Why high-altitude wind?

Along with solar, wind represents the only renewable source of energy that is substantially larger than the world’s current energy needs. Moreover, of all of the renewable energy technologies (wind, solar, tidal, hydroelectric, biomass, geothermal), high-altitude wind has the largest energy per square foot. Capturing a small fraction of the global high-altitude wind energy flux could be sufficient to supply the current energy needs of the globe. Makani is developing high-altitude wind energy extraction technologies aimed at the most powerful wind resources.

Tuesday, May 19, 2009

Kite day celebrated with pomp

Category » Bhopal Posted On Wednesday, May 13, 2009

Bhopal Today Team – Bhopal, May 13:

In various parts of the world Kite Day was celebrated on 12th of May with lots of fervour and enthusiasm. On this day various people participated in this fun with their own kites. In India from a child to old one everyone is fond of flying kites. Summer and kites are inseparable. Many people refer to the hot wind of summer, known locally as “Tapao Wind” as the kite wind, as it coincides with the kite-flying season. During this time the sky is full of colours as kite enthusiasts gather here to fly their kites. Kite Festival is celebrated with the purpose to promote and preserve kite flying as part of the national heritage. The Festival turned out to be a great success having attracted huge crowds of kite flyers and those interested in the sport. In different parts of the world kite flying is regarded as vary believes, traditions and superstition. Somewhere its flying is related with many unsacred thoughts, while in some parts of the world kite flying is famous for sending message to god as prayer. According to ancient myth in China and Japan kites were also used for army motto.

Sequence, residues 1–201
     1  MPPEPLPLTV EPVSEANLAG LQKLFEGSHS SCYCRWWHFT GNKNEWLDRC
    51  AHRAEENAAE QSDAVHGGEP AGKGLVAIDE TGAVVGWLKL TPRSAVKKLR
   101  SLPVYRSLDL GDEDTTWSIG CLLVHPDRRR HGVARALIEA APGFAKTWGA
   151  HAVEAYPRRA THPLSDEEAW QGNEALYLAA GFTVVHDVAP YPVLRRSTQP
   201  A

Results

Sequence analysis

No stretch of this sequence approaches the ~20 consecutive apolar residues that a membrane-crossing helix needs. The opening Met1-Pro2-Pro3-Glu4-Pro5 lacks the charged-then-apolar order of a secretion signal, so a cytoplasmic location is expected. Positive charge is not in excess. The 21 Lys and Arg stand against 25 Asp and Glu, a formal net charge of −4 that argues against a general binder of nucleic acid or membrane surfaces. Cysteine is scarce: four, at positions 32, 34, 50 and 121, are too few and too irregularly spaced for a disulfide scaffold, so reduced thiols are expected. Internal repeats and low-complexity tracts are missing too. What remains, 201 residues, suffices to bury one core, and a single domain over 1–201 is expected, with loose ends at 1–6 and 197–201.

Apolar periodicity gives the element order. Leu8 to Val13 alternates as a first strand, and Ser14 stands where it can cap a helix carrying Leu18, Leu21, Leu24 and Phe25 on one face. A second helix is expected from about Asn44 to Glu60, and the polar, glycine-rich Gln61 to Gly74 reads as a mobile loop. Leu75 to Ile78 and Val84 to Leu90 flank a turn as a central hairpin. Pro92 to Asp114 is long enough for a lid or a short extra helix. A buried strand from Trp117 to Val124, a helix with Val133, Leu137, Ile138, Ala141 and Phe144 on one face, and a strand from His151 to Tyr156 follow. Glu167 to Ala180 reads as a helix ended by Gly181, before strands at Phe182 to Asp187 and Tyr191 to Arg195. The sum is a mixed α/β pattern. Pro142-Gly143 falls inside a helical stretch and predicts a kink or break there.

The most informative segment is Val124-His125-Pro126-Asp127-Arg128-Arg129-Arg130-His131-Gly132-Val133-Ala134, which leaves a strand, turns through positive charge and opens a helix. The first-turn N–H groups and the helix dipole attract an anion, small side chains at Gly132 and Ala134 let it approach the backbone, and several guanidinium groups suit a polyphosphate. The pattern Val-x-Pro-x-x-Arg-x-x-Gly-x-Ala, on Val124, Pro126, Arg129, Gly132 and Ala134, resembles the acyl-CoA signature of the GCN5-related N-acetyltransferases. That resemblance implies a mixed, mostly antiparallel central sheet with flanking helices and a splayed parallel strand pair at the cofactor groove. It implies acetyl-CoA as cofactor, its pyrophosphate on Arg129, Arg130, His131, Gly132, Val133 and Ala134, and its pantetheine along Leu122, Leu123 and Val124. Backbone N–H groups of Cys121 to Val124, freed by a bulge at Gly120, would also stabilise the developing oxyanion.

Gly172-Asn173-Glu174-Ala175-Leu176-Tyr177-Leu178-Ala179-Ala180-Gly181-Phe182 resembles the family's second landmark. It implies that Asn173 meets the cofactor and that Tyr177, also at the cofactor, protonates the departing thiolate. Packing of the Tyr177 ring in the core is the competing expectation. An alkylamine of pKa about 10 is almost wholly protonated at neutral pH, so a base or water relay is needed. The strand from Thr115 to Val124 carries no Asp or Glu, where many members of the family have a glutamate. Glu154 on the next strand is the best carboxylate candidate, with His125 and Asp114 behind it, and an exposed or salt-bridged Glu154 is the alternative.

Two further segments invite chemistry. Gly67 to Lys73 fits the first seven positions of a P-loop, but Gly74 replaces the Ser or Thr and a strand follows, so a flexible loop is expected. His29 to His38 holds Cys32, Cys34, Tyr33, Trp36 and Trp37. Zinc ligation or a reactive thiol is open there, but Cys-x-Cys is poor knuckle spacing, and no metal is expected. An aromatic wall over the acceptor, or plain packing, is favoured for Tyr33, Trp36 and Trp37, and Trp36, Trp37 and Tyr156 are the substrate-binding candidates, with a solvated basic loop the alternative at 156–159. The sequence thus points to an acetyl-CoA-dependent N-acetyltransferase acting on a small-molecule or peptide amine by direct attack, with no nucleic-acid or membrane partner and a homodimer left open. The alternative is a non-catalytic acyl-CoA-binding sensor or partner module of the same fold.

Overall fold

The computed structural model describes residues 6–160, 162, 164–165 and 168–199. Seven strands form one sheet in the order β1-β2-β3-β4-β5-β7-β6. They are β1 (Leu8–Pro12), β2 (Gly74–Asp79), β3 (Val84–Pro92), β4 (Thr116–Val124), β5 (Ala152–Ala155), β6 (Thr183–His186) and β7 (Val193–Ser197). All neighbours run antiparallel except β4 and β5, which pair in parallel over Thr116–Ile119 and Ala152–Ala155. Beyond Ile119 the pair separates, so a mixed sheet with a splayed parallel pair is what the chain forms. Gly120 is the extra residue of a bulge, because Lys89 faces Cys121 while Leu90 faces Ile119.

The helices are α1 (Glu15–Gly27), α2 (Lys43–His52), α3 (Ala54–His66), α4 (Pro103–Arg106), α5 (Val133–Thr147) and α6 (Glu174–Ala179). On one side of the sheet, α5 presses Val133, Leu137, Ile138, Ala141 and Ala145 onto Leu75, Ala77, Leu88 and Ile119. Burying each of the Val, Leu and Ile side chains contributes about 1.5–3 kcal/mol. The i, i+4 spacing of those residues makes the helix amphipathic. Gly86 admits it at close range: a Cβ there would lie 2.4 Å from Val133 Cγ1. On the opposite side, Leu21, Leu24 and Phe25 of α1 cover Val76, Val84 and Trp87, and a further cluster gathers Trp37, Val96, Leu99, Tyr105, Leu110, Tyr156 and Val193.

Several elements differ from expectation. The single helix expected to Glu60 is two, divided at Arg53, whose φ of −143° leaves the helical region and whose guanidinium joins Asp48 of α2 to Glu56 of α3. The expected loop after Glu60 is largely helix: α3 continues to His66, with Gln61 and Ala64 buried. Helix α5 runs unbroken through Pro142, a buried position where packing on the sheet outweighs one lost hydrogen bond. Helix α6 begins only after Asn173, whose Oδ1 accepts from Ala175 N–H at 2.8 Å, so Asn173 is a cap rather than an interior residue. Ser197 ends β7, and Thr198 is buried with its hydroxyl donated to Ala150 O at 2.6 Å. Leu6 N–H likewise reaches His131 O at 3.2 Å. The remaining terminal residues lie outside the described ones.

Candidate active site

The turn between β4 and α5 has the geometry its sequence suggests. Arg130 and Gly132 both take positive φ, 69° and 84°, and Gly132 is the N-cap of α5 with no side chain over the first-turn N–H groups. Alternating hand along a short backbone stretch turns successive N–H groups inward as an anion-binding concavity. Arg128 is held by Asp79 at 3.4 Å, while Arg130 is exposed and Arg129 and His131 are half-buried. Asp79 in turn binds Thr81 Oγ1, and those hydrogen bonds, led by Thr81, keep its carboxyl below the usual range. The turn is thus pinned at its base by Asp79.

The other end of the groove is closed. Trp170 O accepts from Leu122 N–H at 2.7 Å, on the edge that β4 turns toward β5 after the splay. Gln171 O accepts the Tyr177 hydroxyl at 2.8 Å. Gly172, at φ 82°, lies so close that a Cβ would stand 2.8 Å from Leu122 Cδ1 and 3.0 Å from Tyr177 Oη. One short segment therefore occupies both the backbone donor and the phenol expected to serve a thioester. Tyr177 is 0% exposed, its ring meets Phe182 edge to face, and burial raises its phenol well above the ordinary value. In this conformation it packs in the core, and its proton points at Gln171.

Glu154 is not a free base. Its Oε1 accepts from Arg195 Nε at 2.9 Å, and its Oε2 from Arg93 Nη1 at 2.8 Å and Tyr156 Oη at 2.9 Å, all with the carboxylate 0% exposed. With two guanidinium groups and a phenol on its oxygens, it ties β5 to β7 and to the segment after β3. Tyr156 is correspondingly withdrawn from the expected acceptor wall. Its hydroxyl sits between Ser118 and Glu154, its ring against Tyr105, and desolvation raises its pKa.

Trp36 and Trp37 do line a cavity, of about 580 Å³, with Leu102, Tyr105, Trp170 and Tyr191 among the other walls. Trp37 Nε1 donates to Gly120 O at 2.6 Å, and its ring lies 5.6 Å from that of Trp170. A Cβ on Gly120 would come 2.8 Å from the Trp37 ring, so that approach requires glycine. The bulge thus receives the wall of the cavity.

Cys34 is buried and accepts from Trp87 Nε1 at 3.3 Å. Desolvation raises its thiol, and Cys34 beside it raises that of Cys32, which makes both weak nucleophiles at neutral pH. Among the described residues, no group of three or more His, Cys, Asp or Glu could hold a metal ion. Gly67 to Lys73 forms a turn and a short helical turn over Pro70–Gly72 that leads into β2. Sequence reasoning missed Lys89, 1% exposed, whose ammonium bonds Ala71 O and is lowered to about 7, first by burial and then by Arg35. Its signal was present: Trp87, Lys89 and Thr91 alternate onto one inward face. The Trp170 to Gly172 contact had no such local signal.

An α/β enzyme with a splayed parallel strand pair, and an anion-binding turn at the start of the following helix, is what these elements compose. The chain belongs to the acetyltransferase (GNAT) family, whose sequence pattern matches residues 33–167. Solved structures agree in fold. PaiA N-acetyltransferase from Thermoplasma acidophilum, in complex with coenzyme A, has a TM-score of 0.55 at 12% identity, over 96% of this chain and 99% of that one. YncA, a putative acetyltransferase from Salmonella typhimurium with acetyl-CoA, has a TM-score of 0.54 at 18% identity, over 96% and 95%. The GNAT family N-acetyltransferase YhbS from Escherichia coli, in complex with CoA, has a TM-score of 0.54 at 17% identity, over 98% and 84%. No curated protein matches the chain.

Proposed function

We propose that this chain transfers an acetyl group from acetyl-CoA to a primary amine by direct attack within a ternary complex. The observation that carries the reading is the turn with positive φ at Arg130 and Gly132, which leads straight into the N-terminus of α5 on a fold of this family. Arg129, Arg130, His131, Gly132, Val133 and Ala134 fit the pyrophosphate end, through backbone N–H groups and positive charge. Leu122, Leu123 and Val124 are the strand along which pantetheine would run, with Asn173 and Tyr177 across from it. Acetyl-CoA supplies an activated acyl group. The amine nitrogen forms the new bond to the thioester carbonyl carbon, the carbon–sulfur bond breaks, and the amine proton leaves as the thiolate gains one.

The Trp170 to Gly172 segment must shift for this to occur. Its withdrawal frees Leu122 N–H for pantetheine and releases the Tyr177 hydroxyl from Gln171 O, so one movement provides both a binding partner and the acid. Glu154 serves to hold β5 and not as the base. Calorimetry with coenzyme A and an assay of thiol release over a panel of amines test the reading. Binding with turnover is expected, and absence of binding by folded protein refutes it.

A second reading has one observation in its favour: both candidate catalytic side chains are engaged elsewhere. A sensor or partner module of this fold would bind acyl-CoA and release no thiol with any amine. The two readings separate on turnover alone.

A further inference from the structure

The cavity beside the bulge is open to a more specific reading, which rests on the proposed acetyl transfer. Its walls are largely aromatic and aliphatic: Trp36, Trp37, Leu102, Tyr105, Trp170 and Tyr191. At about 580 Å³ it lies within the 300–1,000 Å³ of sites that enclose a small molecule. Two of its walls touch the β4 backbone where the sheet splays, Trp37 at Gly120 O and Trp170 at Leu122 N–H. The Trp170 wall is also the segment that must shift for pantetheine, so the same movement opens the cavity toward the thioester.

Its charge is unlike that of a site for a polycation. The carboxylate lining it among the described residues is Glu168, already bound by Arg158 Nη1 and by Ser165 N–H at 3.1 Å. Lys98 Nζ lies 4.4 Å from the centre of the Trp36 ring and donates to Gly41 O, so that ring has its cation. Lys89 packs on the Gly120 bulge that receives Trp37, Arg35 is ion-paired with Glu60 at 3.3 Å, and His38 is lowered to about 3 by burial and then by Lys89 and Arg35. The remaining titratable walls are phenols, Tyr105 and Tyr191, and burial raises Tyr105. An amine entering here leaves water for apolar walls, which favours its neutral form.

Kites from each country have their own unique looks, shapes and colours, which help distinguish one from the other. On this day kite flyers gather from around various places and have the opportunity to fly their dreams in the sky. At the Thailand International Kites Festival, more than 20 countries from seven continents are represented with kites of great variety and originality. According to believes in rainy season of Thailand people flied kites as worship to God. However flying of broken kite was believed unsacred. It is regarded that kite was invented in China around 2300 years ago. However for next many centuries Europe was unknown from kite. Meanwhile, Marco Polo who made journey in various parts of the world was discovered kite first in Europe.

In pink city Jaipur and capital of Rajasthan every year on Makar Sankranti three days “Kite Flying” festival is organised. It is the day when according to the Hindu astronomy the sun enters the rashi (zodiac) of Makara (Capricorn). People surrender themselves to the joy of kite flying. Kite flying starts at dawn and continues without a pause throughout the day. Friends, neighbours and total strangers’ battle one another for supremacy and cries of triumph rend the air when someone cuts the line of a rival.

A tremendous variety of kites are seen and the connoisseur can choose precisely what he wants. Experts specially prepare even the lines with which the kites are flown before the great day. The sky-since morning to evening-remains dotted with vivid splashes of colour The excitement does not end with nightfall, which is the time for illuminated box kites, often in a series strung on one line, to be launched into the sky. Called “tukkals”, they add a touch of splendour to the dark sky.